Nobel peace prizewinner Shirin Ebadi, a human rights lawyer, threw her moral weight behind their boycott of Friday's poll by saying she would not vote, to protest at the mass disqualification of reformist candidates by unelected clerics.

In a scathing six-page open letter, about 100 outgoing deputies accused the country's absolute Islamic leader of allowing his appointees to "violate the legitimate freedoms and rights of the people" in the name of Islam.

"Now the institutions under your supervision, after four years of humiliating the parliament and blocking its legislation, have blocked the fundamental right of the people to choose and be chosen."

The letter was handed to journalists at a protest meeting by more than 30 blacklisted MPs in parliament on Tuesday, but Iran's official media did not immediately report it.

"Do the members of the Guardian Council dare to resist your orders? Or is it that, as rumours say, despite your public statements, they were permitted by you to disqualify these people illegally and widely?"

Statement by blacklisted reformist MPs

The MPs challenged Khamenei, whose word is normally never questioned, to say whether he pulled the strings behind the mass exclusion of candidates, which plunged Iran into one of its most serious crises since the 1979 revolution.
 
"Do the members of the Guardian Council dare to resist your orders? Or is it that, as rumours say, despite your public statements, they were permitted by you to disqualify these people illegally and widely?" they asked.

The Guardian Council's 12 members are all appointed directly or indirectly by Khamenei. They have power to veto legislation and candidates on loosely defined Islamic and legal grounds.

Public apathy

In the past, reformists who have questioned the powers of the supreme leader, enshrined in a 1979 constitution that gave Ayat Allah Ruh Allah Khomeini and his successors the upper hand over elected bodies, have landed in prison.

Ebadi  is not ready to vote for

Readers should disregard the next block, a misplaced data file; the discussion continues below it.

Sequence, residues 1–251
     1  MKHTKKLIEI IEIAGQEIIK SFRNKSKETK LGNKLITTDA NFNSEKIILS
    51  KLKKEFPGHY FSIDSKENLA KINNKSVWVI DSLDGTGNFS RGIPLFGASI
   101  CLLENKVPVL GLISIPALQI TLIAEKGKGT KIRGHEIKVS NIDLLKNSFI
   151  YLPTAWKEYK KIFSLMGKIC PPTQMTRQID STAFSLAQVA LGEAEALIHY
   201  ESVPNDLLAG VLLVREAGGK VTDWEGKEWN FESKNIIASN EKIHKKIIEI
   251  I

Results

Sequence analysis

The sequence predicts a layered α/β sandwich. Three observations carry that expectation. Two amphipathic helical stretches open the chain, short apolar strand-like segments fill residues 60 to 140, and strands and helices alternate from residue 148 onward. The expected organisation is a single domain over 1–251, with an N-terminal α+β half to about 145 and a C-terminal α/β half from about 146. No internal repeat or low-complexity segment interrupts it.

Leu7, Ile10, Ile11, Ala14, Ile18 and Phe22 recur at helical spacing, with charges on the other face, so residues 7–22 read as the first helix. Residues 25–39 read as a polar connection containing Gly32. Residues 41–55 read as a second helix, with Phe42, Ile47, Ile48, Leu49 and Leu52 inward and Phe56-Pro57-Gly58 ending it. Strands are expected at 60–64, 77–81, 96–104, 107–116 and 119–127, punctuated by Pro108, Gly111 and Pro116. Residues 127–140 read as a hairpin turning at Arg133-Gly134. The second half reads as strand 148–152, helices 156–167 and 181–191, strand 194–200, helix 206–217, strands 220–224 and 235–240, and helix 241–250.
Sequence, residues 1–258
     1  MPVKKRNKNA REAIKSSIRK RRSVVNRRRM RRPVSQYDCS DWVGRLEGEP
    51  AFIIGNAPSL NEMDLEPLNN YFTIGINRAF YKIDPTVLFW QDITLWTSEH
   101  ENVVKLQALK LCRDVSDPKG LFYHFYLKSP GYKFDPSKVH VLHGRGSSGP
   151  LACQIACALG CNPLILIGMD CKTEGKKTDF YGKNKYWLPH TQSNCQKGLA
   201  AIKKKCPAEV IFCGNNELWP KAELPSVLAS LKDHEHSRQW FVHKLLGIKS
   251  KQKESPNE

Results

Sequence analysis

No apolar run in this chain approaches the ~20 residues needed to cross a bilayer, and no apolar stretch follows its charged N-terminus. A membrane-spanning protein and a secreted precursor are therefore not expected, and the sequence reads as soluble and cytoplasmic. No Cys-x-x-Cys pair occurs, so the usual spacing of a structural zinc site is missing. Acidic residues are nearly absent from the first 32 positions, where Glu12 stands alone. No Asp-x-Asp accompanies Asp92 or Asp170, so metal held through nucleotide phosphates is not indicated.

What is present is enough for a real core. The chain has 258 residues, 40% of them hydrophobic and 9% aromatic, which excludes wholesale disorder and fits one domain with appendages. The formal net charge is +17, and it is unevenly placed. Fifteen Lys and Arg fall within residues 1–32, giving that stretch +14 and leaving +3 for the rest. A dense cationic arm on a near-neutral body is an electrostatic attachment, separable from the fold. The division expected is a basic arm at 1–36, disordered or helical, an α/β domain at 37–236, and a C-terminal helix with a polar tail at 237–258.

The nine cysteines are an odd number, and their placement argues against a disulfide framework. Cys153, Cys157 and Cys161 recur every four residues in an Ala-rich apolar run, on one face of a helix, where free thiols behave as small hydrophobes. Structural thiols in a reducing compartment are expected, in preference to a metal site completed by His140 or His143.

someone she does not  know

Ebadi, whose award shone an uncomfortable spotlight on the struggle for human rights in the Islamic republic, told Reuters: "I will not vote myself because I don't know those who have been qualified. I'm not ready to vote for someone I don't know."

"The first principle of democracy is that people should have the right to vote for anyone they want," she said.

Her comment ran counter to efforts by the authorities to mobilise a big turnout despite widespread public apathy and anger among reformists at the blanket ban on 2500 contenders.

Massive turnout urged

In a sermon last week, Khamenei called for a massive turnout to give the enemies of the Islamic system a slap in the face.

Reformist MPs staged a sit-in to
protest their disqualification

President Muhammad Khatami, a moderate reformist who failed to get the bans overturned, appealed to Iranians on Monday to cast their ballots despite "some unfairness" to prevent a hardline minority from seizing control of the country's future.

His own brother, Muhammad Reza, is among 80 protesting lawmakers barred from seeking re-election.

The main reformist group among Iran's two million students, the Office to Consolidate Unity, is also calling for a boycott.

Real problems

The campaign manager of the main conservative coalition, the Alliance for the Advancement of Islamic Iran, voiced confidence the turnout would be up to the average in democratic states despite a largely invisible campaign with few well-known names.

Denouncing the excluded reformists as extremists who had failed to address people's real economic and social problems, Hussain Fadaii forecast at a news conference that 60%
would vote nationwide and 40% in Tehran.

Political scientists expect a much lower turnout, especially in the big cities that were the reformists' bastions.

If, as expected, the conservatives dominate parliament, it will make Khatami a weaker lame duck in his last 16 months in office and could threaten timid advances in press and cultural freedom, already under attack from the hardline judiciary.